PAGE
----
Evidence in these cases heavily depends on the accuser’s testimony, making it essential to examine the evidence thoroughly for inconsistencies; this could involve looking for alternative evidence or independent witnesses to challenge the accuser’s narrative. Identifying and leveraging these inconsistencies can weaken the prosecution's case, leading to truth and justice on your behalf. A strategic and evidence-based defence is critical to addressing allegations of historical sex crimes.

How historical abuse claims are investigated and judged

The investigation of historical abuse claims is a meticulous process, starting with the reopening of the case file if the victim reported the crime earlier. Authorities must carefully examine the file for any initial evidence. If the victim had confided in anyone at the time, like relatives, friends or their GP, the police may need to interview them to provide further context and support to the case.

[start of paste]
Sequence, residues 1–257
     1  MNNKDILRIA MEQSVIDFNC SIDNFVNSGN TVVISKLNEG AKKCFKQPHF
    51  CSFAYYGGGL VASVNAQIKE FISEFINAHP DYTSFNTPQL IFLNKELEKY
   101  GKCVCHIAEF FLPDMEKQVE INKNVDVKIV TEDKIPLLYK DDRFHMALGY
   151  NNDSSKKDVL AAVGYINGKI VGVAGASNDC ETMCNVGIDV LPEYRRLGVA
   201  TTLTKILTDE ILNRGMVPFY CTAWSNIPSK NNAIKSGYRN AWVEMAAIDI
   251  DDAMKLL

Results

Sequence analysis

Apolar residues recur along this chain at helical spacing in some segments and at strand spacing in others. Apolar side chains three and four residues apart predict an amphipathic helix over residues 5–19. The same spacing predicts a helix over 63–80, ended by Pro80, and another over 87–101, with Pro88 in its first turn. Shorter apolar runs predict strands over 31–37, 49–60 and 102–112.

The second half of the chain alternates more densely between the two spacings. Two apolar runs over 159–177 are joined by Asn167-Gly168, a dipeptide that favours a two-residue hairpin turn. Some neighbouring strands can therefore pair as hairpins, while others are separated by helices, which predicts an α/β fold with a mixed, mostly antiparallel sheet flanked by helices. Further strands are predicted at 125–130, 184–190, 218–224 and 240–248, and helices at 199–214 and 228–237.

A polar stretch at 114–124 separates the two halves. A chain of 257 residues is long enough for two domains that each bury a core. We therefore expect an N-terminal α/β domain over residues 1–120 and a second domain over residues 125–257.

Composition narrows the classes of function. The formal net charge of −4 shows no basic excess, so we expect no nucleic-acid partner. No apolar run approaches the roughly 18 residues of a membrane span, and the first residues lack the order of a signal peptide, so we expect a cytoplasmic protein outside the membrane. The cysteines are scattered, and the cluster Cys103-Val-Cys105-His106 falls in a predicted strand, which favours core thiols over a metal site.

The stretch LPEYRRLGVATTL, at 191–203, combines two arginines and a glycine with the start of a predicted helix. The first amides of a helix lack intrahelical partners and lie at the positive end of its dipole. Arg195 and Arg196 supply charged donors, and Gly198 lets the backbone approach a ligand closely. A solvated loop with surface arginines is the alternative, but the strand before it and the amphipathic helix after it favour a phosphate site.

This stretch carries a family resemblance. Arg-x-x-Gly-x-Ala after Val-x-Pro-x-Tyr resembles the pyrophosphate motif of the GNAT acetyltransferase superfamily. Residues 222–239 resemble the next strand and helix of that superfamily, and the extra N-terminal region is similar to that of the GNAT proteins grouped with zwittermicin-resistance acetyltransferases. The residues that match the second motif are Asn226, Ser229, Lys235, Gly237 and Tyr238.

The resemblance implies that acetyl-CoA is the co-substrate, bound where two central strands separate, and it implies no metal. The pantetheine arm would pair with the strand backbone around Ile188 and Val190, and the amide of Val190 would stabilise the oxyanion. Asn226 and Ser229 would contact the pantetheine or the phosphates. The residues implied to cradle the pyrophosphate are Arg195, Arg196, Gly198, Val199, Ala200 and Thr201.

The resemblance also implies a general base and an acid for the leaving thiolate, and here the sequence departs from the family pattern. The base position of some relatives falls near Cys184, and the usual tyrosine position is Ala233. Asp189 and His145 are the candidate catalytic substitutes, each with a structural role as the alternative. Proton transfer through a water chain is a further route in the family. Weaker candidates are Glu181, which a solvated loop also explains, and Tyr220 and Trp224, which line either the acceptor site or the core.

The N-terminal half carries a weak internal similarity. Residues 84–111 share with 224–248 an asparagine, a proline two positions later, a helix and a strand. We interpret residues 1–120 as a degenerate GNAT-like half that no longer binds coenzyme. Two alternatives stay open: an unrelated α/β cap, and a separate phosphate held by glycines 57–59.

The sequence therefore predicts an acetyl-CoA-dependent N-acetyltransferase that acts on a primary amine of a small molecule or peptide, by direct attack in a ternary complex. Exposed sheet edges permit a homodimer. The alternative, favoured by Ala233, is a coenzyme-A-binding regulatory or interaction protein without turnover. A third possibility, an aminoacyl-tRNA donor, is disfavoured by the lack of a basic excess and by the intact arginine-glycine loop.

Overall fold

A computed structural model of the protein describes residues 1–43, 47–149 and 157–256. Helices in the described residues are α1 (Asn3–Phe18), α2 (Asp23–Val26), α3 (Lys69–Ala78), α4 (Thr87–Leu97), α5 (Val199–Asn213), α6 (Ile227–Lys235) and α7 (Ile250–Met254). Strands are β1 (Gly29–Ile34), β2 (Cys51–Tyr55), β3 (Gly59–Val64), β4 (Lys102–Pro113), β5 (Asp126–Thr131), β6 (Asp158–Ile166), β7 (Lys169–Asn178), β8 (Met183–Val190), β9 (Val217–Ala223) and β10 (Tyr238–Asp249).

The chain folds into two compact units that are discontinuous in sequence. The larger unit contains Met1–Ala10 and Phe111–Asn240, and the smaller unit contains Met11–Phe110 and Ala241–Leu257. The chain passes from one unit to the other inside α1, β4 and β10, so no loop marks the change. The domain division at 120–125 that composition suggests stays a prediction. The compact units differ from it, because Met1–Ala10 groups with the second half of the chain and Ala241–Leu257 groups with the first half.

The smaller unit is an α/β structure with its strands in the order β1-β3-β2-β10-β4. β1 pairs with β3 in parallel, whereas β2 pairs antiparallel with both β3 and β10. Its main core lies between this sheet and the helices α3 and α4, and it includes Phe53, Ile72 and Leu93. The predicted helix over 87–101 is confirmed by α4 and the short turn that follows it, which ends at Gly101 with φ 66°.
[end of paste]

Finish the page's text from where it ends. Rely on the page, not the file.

The police also engage with the victim to identify potential witnesses who could confirm the account or offer new insights. Wherever possible, police will attempt to collective forensic evidence despite the challenges posed by time. A sensitive part of the process involves the victim's consent for police to access medical records, which can be crucial for the investigation. If the victim decides to prosecute, this can lead to the arrest of the alleged abuser.

The law also requires defendants to deliver a written Defence Case Statement, a significant feature in which a solicitor and barrister will collaborate to provide a detailed statement. The document will trigger the duty of disclosure upon the CPS, so if poorly drafted, it can create issues for a defendant, making it crucial to prepare a comprehensive statement. This intricacy emphasises the significance of skilled legal representation, especially when the legal proceedings involve sensitive matters such as questioning an accuser's past, where the legal landscape becomes even more complex.

Once the police complete their investigation, which can often take a long time, they will typically pass the file to the CPS, who will determine if there is enough evidence and if it's in the public interest to charge and convict the abuser. If the case goes to court, the victim must give evidence during the trial. Of course, it is very challenging to achieve a prosecution for historical abuse and get a conviction, as there is often a lack of evidence to support the crime.